And should Trump continue to buck the neoconservative establishment, discussion has swirled in recent days of an even larger role for Paul—in the cabinet or on the ticket. A source familiar with the matter says Trump has floated dumping Mike Pence before, for Texas Senator Ted Cruz. With this president, a day to day player, anything remains possible. But the August release of The Shadow President, a new book about Pence’s influence, is not welcome news for the vice president. Trump resents any implications that he’s not in charge: a February 2017 Time cover of Stephen Bannon and discussion that he was the second most powerful man in the world, if not the first (said SNL), helped doom the former Breitbart chief in the West Wing.
A larger portfolio, no matter what it is, for Rand Paul is welcome news for many of his friends and allies, regardless—and potentially a boon to the restrainer foreign-policy community. For many, it’s the realization of the kind of administration many of this ilk hoped Trump would oversee from the start. Rep. Thomas Massie, a close ally of Paul, noted at conference put on by The American Conservative in November 2016 that unlike most of Congress, Trump had not been his last pick of the major candidates in the primary: “Well I’ll tell you he wasn’t my seventeenth pick. . . . There were really only two candidates who were in favor of not going into another war,” Paul and Trump.
Other signs of Paul’s influence abound. Don McGahn, White House counsel, is an ally of many of Rand Paul’s contacts and associates. McGahn was able to secure his top choice, Brett Kavanaugh, for the Supreme Court, as I’ve reported. The Trump White House continues to prepare to lay siege to the administrative state, an issue where Kavanaugh, if seated, will be a staunch ally, as The Washington Post reported Monday. The unelected fourth branch of government is a favorite target of Paul’s and gives him common cause with populists like Bannon.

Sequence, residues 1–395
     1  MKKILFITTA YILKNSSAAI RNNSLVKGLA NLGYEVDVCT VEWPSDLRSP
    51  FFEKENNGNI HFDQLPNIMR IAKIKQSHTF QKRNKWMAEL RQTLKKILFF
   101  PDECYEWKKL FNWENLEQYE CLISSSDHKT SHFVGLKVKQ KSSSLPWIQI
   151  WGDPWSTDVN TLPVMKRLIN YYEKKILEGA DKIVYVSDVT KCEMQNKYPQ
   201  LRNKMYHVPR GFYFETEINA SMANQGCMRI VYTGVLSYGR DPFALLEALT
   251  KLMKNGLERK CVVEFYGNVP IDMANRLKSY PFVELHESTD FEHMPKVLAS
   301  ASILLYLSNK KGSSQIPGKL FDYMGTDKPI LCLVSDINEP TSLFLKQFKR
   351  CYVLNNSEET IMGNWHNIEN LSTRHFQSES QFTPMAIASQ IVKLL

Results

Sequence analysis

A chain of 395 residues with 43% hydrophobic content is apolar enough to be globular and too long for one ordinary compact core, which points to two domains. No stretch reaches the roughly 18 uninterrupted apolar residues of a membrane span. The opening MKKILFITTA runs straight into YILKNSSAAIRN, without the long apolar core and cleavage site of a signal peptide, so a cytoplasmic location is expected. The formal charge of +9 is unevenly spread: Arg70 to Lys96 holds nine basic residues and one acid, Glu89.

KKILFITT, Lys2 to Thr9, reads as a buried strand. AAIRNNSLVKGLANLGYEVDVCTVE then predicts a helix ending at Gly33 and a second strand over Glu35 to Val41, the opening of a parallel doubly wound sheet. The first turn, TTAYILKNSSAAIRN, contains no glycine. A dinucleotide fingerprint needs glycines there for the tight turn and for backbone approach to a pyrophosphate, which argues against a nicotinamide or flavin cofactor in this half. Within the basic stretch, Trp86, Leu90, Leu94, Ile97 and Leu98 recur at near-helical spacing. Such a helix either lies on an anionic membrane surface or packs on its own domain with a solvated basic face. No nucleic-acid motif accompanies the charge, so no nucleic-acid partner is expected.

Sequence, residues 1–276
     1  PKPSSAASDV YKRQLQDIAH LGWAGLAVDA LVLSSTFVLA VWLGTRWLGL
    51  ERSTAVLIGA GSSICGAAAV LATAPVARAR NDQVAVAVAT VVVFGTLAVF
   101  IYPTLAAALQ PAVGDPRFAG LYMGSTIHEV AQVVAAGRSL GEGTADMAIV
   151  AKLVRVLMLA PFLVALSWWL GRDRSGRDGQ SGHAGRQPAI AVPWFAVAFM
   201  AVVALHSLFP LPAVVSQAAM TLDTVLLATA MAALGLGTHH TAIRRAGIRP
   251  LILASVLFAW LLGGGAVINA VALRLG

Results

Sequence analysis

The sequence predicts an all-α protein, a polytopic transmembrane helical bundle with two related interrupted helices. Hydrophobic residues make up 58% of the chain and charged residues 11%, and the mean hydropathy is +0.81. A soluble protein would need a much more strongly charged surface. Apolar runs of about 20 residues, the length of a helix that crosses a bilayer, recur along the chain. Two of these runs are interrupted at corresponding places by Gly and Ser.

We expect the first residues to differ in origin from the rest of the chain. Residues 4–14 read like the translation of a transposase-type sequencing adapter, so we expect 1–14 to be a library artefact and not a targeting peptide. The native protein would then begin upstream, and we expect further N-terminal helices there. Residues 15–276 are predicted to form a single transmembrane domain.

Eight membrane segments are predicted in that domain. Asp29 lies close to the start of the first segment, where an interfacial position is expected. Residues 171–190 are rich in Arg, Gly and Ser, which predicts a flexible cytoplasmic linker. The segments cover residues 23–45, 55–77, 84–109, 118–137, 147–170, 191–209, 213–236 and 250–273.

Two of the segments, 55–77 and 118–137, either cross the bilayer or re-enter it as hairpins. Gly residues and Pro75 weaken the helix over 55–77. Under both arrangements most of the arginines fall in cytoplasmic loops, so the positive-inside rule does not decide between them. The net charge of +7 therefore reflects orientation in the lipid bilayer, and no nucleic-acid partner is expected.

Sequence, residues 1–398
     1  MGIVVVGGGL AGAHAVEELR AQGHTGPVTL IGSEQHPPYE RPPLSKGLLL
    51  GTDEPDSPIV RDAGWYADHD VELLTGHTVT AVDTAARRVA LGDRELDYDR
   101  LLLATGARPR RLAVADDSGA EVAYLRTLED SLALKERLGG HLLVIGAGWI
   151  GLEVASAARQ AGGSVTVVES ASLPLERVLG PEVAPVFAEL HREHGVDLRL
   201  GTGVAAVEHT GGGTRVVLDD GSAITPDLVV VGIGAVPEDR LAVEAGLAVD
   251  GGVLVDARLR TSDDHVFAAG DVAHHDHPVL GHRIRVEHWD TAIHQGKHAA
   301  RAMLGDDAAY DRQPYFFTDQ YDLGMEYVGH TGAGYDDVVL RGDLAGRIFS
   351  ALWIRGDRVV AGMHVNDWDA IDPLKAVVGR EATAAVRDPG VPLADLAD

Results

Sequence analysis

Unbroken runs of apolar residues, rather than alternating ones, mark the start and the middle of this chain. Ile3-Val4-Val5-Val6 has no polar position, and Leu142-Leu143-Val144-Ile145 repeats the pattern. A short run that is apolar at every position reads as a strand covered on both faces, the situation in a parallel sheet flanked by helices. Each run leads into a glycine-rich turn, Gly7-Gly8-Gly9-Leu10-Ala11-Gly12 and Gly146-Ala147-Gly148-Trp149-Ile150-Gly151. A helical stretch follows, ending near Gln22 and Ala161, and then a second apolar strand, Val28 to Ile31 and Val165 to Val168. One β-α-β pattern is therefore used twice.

The House Freedom Caucus, the membership of which Paul is close to, has long been open to the Trump insurrection in the GOP. The libertarian, small government bent of the HFC has often conflicted, however, with the populist impulses of the president and many in his orbit. Paul, like economic pointman Larry Kudlow, helps square that circle. The coup de grace would be the installation of former HFC member Mick Mulvaney, now Trump’s budget man, as chief of staff, as I’ve reported. But that will likely have to wait until after the midterms, or even re-election. Should it come to pass though, look for Mulvaney, and particularly his allies, to attempt to funnel restrainers into national security positions.
Not everyone in this cohort is comfortable with an alliance with the Trump White House. Libertarian Congressman Justin Amash, more ideological in practice than Paul, is increasingly distancing himself from the White House.
But as many are running away from this president, it’s telling that Paul and others are running toward him. Are American politics about to be convulsed by Donald Trump and his anti-establishment instincts once more?
Curt Mills is a foreign-affairs reporter at the National Interest. Follow him on Twitter: @CurtMills.